The last quarter's results: Toyota makes 4 billion in profits while Ford racked up 9 billion in losses. Ford folks are still scratching their heads.
IF THIS WASN'T SO SAD IT MIGHT BE FUNNY!
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One thing to remember: The average age of the American unionized auto worker is getting up there in years. How much does health care cost Ford (and GM and Dodge) for these workers? Quite a bit. Now here comes all the foreign badged factories building cars in the states. Who do they hire, the older workers? Of course not. They hire the kids in their 20s and their health care costs are next to nothing. They also don't have to pay the pension for somebody who has not yet retired. They are also non-union. Do you now see why Ford moved their workforce out of the country? Now you could say that this is Ford's fault for agreeing to union demands, but our government also helped destroy American made cars when they agreed to have the foreign made factories sprout up without letting Ford, GM and Dodge compete against them by having the workforce the same age. The comparison between American cars and American made foreign cars is really like comparing apples to oranges. Bash Ford and GM all you want. They are not competing with the foreign makers with the same rules.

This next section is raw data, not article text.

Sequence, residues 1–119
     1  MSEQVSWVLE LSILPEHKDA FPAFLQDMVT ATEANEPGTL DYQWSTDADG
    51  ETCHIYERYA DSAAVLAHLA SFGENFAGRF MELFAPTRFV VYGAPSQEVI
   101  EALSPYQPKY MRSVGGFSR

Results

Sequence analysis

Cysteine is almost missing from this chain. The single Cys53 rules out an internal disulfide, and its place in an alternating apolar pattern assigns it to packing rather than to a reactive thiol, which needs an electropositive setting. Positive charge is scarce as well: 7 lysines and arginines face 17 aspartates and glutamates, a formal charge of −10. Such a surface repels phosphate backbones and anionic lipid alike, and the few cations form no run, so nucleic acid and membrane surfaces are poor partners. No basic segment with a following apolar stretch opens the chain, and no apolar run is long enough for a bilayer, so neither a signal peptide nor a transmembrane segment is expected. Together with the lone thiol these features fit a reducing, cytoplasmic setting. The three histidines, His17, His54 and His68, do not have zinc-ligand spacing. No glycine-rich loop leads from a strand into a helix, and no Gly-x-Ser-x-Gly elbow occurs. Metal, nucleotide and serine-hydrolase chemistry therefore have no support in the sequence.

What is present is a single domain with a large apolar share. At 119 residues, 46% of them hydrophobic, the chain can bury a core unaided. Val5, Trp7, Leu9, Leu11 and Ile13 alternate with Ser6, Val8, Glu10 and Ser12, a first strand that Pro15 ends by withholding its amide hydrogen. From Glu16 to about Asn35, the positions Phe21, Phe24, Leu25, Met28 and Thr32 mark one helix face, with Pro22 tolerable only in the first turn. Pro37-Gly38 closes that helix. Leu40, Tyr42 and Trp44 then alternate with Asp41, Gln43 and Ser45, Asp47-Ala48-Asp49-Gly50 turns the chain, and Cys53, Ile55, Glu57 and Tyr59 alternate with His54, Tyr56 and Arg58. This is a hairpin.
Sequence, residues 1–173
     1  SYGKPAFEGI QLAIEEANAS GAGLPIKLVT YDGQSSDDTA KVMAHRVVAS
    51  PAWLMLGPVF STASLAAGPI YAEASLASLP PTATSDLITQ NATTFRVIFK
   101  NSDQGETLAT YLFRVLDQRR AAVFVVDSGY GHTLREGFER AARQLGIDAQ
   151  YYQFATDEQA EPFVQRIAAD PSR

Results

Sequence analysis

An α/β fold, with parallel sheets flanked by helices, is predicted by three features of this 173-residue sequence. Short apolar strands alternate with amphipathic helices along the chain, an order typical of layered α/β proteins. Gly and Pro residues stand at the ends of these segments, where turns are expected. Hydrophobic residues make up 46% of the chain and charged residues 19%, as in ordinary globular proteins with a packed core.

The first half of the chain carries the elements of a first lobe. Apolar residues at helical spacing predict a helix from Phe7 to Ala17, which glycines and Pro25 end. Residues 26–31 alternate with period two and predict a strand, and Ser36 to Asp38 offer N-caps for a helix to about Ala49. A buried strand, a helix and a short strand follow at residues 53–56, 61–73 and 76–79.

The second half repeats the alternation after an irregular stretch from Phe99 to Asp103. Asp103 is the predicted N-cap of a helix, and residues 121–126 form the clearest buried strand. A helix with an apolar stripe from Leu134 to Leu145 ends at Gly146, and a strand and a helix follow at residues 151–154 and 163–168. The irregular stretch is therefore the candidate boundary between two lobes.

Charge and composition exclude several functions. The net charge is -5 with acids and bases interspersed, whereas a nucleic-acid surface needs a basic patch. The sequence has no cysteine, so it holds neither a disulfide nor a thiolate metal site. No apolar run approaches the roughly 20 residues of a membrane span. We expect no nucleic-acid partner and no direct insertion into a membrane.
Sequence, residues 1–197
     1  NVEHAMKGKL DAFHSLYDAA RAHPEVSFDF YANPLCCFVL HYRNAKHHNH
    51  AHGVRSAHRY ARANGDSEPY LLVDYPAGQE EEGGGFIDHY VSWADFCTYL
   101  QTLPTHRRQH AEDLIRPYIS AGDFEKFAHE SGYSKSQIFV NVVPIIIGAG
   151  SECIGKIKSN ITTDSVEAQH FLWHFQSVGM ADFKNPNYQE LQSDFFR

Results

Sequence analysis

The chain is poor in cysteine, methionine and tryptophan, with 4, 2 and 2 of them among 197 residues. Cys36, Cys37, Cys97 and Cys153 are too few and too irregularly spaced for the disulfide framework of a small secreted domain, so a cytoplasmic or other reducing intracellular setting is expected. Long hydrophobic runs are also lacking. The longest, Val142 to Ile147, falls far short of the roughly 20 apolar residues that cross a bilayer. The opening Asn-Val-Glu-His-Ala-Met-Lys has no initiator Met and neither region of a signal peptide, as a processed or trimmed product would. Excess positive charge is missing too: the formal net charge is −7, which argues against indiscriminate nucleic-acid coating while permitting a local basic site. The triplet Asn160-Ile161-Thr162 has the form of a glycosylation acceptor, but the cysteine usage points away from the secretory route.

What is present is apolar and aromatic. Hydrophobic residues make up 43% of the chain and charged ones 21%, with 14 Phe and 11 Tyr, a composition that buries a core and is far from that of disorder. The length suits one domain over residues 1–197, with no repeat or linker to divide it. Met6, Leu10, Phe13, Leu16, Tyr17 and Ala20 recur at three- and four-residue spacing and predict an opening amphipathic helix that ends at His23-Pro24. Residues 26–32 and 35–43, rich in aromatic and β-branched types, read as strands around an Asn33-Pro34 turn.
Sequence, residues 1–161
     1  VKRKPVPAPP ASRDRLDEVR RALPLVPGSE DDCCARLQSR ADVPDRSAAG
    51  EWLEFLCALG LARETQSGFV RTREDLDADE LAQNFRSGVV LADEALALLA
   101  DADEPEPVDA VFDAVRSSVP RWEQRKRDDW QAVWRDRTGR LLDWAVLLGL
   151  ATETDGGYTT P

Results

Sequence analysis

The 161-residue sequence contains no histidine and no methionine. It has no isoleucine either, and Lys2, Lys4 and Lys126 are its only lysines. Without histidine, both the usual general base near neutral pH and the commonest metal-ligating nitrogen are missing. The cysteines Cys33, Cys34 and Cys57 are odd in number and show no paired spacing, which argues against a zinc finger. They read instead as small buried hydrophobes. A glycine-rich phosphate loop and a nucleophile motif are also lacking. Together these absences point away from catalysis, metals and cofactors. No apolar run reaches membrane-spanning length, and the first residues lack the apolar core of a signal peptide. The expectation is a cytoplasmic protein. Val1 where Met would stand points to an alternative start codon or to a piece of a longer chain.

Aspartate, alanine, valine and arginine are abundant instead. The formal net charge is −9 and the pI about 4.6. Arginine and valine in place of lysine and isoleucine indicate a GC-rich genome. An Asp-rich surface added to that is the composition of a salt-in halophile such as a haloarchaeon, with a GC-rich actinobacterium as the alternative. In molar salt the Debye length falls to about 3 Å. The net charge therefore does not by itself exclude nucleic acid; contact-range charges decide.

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wrote:

US, claiming they

Perhaps this might explain why they are non-union?
http://www.autoblog.com/2007/01/31/toyota-workers-in-us-made-more-than-uaw-members-for-first-time-l /

Yes, I see why they moved their workforce out of the country. No, I do not understand why they are still losing money. According to the article, Toyota workers are now at parity or slightly above UAW wages. With Ford having so much outsourced to Mexico, they should have a -lower- wage burden than Toyota.

Nothing more than political talking points.

Right. Their rules seem to be to golden parachute all their executives.